[Viewpoint] Libya from now onRed, black and green horizontal stripes make up the Libyan flag. The colors represent the three administrative parts of the country: Cyrenaica, Tripolitania, and Fezzan. The anti-Muammar el-Qaddafi rebel forces that established power in Benghazi and in the eastern coastal region of Cyrenaica, conquered the capital of Tripoli (which is in Tripolitania), hoisting their symbolic flag to signal a victorious end to a six-month civilian fight to topple their leader of 42 years. It is interesting how the power focus has returned to Cyrenaica, which ancient Greeks named after a tribe living there.
In their tens of thousands of years of history, the descendants of Saharan Berber, Arabic and Phoenician colonies came under the successive rules of Greeks, Romans, Turks and Italians. The people are finally close to building a democratic republic of their own, free of colonization, monarch or dictator.
No final battle can save Qaddafi now. He should humbly thank Allah for the riches and absolute power he enjoyed for more than four decades after he overthrew the king as a 27-year-old army colonel. And then he should get out of the way.
Libya has a tumultuous future ahead in the aftermath of such a long, tyrannical rule. The Libyans never got the slightest taste of modern democracy or government structure with a history controlled by foreign forces, followed by a feeble monarchy after independence from 1951 to 1969, which ultimately brought in Qaddafi’s despotic regime.
To Libyans, a civil society of the Western type will be an alien import. The rebels’ supposed leadership, the National Transitional Council (NTC), will be organizing an ad hoc government since the state under Qaddafi has no mechanism for succession or a new governing system.
One of the 33 members of the NTC will likely be the leader, taking on the challenge of knitting the country back together under an untried democratic system. But the NTC lacks a broad legitimacy among the entire population and faces resistance from different tribes and ethnic groups. Last month’s mysterious killing of a major commanding general of the rebel forces underscores the inner conflict within the rebel forces and dangers of factionalism. The power struggle has already begun inside the rebel group even before it gained power.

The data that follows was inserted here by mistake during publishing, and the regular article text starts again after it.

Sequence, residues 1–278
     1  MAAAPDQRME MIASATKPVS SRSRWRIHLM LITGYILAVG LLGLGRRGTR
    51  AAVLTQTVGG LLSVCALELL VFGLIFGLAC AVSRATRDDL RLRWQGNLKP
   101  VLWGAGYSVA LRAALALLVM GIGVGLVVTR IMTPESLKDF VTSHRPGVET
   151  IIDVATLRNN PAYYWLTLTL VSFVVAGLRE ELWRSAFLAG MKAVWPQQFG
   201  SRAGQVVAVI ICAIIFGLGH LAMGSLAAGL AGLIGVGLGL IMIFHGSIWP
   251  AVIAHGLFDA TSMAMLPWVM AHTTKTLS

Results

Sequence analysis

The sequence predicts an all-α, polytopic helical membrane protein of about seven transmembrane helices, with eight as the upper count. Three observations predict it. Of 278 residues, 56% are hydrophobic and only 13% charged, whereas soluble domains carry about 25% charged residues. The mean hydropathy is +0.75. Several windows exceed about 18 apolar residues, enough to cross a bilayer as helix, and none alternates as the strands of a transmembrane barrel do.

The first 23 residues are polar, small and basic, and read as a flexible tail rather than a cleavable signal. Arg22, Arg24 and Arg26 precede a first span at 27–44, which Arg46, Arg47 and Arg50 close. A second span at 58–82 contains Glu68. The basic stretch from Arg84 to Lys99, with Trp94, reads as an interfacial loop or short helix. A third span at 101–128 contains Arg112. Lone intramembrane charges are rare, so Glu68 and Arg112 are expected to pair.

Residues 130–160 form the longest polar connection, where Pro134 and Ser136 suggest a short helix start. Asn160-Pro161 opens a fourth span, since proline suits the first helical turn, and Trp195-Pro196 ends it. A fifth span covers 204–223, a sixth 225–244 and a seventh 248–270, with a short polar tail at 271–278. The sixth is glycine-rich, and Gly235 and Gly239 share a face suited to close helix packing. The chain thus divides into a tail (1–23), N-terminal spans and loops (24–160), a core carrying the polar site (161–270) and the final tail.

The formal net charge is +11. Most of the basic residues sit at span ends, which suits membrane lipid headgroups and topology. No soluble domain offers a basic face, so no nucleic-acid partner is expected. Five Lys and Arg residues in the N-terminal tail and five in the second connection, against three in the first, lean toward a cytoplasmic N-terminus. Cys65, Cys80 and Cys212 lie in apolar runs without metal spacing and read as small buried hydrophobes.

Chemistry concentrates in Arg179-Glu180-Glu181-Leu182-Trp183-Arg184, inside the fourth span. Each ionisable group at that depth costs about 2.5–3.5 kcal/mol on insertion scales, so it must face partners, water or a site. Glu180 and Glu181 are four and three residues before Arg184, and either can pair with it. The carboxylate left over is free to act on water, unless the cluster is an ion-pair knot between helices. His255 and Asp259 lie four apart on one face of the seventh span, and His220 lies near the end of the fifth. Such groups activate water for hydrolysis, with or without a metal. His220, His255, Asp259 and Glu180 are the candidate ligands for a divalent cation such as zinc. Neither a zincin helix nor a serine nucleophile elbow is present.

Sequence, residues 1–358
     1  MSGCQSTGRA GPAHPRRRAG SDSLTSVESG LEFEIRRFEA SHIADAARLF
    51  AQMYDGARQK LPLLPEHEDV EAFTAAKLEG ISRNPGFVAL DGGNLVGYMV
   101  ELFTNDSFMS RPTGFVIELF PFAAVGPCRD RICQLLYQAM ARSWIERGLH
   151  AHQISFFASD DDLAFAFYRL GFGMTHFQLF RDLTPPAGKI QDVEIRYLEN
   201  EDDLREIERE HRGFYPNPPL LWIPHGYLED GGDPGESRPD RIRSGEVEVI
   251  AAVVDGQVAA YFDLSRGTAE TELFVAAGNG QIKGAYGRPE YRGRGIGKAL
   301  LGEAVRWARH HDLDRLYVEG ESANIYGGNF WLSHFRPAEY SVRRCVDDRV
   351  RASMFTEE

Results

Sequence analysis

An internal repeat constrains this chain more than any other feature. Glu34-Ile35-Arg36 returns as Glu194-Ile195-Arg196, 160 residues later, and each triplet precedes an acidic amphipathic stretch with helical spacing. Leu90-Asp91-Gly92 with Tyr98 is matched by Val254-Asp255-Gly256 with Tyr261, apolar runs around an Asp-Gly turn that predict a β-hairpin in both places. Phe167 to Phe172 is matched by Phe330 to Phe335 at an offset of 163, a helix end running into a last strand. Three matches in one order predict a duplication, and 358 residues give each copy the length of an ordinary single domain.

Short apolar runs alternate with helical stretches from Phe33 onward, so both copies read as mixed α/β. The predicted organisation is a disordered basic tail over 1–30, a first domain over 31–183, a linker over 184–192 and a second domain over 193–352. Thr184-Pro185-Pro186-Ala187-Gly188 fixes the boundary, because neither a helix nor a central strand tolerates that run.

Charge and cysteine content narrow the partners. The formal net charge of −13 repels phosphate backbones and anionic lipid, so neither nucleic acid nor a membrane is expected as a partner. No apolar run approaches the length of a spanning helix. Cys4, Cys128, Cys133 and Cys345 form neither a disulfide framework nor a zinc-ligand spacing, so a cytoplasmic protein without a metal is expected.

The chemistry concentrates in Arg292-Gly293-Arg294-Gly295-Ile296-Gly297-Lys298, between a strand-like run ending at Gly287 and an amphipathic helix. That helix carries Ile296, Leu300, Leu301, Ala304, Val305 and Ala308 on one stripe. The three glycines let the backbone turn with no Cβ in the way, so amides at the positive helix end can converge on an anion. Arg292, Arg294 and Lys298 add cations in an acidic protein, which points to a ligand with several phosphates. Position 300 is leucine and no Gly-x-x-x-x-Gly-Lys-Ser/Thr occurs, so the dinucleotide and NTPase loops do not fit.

If no firm leadership arises to assert control over post-Qaddafi Libya quickly, the divide and conflicts among the 100 different tribes and regions will likely worsen, possibly leading to physical clashes between supporters of the east-based NTC and the well-armed rebel fighters of the west. The NTC and west reformers already differ on the method of punishing Qaddafi and his military. The former wants Qaddafi to be tried in an international tribunal while the latter demands he stands in a Libyan court.
The two sides are trying to talk out their differences, but mutual distrust won’t likely be easily patched up. We do not know which road Libya will follow after the fall of its long-time authoritarian leader: a prolonged civil war scenario as in Iraq after the exit of Saddam Hussein, or the struggling yet slowly democratization of Egypt after Hosni Mubarak. Libya is headed towards a dramatic turning point one way or another.
It is ironic that Qaddafi, who strongly resisted Islamic socialism and Western influences, in the end brought Western and NATO military power to Libya. The wave of civilian revolution that swept across Arab communities was started in Tunisia, where citizens rushed to the streets crying out for liberation. But Libya’s civilian movement could not have succeeded without international support.
NATO warplanes bombed and struck military bases as well as weaponry and communications facilities run by the government forces more than 7,500 times, and warships put a blockade around Libya. Drones updated the rebel and NATO forces with intelligence on government forces.
NATO was critical in freeing the Libyans from the brutality of the unyielding-to-the-end Qaddafi regime. But going forward, it must clearly understand what it must and must not do in Libya. It must keep meddling in Libya’s democratization process to a minimum.
NATO could undermine the cause of Libya’s people power movement if it acts as a backseat driver. The allied members also must refrain from asserting privileges over Libya’s oil production and reconstruction and be content with helping the Libyan people restore their battered economy.
The rebel leaders must also demonstrate tolerance toward Qaddafi’s former supporters to help integrate the divided society. Libya’s democratization process could be a lot more difficult if Qaddafi is killed at the hands of civilian forces.
Libya’s revolutionary success depends on tribal and regional harmony. It will likely serve as another tipping point in the pan-Arab democratization movement.
*The writer is a senior columnist of the JoongAng Ilbo.
By Kim Young-hie
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